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Thread: August Poses Increased Risk for Spinal Cord Injuries; Leading Doctors and Researchers Urge Precaution and Hope for a Cure

  1. #1
    Senior Member Jeremy's Avatar
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    August Poses Increased Risk for Spinal Cord Injuries; Leading Doctors and Researchers Urge Precaution and Hope for a Cure

    August Poses Increased Risk for Spinal Cord Injuries; Leading Doctors and Researchers Urge Precaution and Hope for a Cure



    Story Filed: Monday, August 19, 2002 12:14 PM EST

    MIAMI, Aug 19, 2002 /PRNewswire via COMTEX/ -- August is one of the biggest months for spinal cord injuries, according to leading doctors at the Miami Project to Cure Paralysis, a Center of Excellence at the University of Miami School of Medicine. Doctors and researchers say that safety precautions are the best measures to prevent spinal cord injury (SCI) during the high-risk month of August.

    According to the Spinal Cord Injury Information Network, there are over 11,000 spinal cord injury cases reported each year. Nearly 25% of these cases occur during the month of August. Doctors at the Miami Project to Cure Paralysis say that August has one of the largest numbers of spinal cord injury cases reported due to increased participation in recreational activities.

    "Vacation and outdoor activities increase the incidence of spinal cord injuries in August," said Dr. Barth Green, an internationally recognized expert in the field of spinal cord injury and leading doctor at the Miami Project to Cure Paralysis research center. "While August tends to have higher incidence of SCI, we urge everyone to wear helmets, seat belts and use the proper sports safety equipment during recreational activities throughout the year."

    "Spinal cord injury primarily affects young adults. 55% of spinal cord injuries occur among persons in the 16 to 30 year age group," said Dr. Green.

    Additionally, raising awareness of spinal cord injury through public education, high-profile fundraising and special events is a goal and ongoing mission of the Buoniconti Fund to Cure Paralysis, the fundraising arm of the Miami Project.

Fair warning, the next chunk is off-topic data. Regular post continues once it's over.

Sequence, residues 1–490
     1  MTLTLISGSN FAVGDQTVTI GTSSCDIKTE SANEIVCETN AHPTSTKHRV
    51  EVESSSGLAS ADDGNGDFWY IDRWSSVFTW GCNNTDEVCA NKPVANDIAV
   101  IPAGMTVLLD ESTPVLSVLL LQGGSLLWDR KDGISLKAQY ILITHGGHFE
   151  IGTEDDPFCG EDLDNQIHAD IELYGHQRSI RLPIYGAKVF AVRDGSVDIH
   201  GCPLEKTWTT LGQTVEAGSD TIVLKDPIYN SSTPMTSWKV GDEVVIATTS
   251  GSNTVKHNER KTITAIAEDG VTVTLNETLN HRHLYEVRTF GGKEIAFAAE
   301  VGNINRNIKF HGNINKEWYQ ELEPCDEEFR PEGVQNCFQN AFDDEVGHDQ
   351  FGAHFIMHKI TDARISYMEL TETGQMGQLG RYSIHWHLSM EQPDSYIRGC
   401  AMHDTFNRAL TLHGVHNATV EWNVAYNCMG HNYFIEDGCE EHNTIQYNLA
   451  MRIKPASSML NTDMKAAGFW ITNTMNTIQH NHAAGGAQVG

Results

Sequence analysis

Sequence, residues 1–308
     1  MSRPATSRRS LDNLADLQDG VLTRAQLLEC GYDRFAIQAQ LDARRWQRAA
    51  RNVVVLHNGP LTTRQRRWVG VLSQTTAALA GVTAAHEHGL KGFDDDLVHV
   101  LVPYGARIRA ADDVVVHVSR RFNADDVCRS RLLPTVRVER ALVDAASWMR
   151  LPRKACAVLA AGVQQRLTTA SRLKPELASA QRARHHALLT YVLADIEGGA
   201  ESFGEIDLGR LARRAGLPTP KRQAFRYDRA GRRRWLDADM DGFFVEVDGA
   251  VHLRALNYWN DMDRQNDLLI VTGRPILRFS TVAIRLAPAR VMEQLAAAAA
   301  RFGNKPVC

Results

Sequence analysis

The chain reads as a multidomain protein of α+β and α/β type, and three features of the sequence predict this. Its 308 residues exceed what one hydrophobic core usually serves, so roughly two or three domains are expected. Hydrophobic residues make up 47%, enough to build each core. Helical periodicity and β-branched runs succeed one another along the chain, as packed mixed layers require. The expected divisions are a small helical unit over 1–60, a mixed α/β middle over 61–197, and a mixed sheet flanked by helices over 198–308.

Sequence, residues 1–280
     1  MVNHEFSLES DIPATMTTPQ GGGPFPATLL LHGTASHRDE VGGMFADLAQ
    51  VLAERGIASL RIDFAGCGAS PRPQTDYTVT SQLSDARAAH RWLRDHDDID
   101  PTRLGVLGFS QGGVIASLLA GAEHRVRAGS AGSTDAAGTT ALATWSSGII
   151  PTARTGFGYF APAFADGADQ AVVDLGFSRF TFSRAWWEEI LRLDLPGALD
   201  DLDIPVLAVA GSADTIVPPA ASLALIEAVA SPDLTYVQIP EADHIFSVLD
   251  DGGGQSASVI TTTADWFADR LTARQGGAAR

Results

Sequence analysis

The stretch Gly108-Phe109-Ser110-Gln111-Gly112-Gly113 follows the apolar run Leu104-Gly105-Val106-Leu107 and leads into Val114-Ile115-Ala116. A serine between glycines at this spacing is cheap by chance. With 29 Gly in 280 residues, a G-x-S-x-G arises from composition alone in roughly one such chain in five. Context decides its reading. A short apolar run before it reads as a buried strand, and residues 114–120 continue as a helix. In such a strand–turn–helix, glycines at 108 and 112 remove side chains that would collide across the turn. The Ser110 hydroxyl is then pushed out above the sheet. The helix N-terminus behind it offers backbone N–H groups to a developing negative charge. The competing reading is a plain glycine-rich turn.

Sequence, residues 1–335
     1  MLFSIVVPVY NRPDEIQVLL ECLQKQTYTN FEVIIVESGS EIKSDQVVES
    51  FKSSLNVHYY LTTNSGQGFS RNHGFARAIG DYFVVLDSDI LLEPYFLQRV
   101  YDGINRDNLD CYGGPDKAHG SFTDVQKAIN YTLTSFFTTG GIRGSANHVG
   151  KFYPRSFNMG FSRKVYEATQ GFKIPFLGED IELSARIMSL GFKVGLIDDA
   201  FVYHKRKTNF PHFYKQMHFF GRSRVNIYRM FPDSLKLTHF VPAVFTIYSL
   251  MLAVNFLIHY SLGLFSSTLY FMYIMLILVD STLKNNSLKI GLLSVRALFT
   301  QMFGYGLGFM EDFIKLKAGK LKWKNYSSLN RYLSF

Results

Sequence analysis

"The number of people affected by spinal cord injury is growing each year. We hope to raise awareness through government funding, private donations and fundraising so that the Miami Project can continue to make scientific breakthroughs that buoy the hopes of the millions of families throughout the world who cope with spinal cord injury," said Nick Buoniconti, Founder, the Buoniconti Fund.

    The Miami Project's research efforts have made successful advancements on improving the quality of life after injury such as treating pain, spasticity, autonomic functions, intraoperative monitoring and male fertility.

    "Our research in basic sciences is aimed at understanding and reversing the neurological consequences of the injuries. Our research in clinical sciences is aimed at evaluating and improving strategies that maximize function in persons living with spinal cord injuries today," said Dr. W. Dalton Dietrich, Miami Project Scientific Director.

    The research center's team of scientists are a broad spectrum of researchers, clinicians, and therapists from around the world brought together to attack the problem of SCI.

    "By uniting a broad range of expertise in the fields of electrophysiology, transplantation, surgical interventions, regeneration and molecular biology, the Miami Project team of scientists is accelerating the search for effective treatments for SCI," said Dr. Dietrich.

    Founded in 1985 through the vision and efforts of Dr. Barth Green and following the injury of football legend Nick Buoniconti's son Marc, the Miami Project to Cure Paralysis, located at the University of Miami School of Medicine, is the world's largest, most comprehensive research center dedicated to finding more effective treatments and, ultimately, a cure for paralysis that results from spinal cord injury.

    For more information or to make a contribution to the Miami Project to Cure Paralysis, please visit http://www.themiamiproject.org or call 1-800-STAND-UP.

    "If the wind could blow my troubles away. I'd stand in front of a hurricane."

  2. #2
    Yes, summertime is a time for many spinal cord injuries. At Bellevue Hospital, we use to brace for the influx of spinal and head injury cases starting June and holding our breath until Labor Day. Not only do people travel more and get into more car accidents but the number of thoughtless water-sport accidents and violence-related traumas increase during the summer months. As many people have pointed out, there is no cure for stupidity and violence. Wise.

  3. #3
    Senior Member alan's Avatar
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    Water sports accidents don't have to be thoughtless. Mine, for example. I was at a place I knew, and I knew the water depth was 4 - 5 feet. I especially did a flat racing dive for that reason. Unfortunately, I hit an old piling or waterlogged log (or Soviet submarine.) I knew not to dive straight down, so I didn't.

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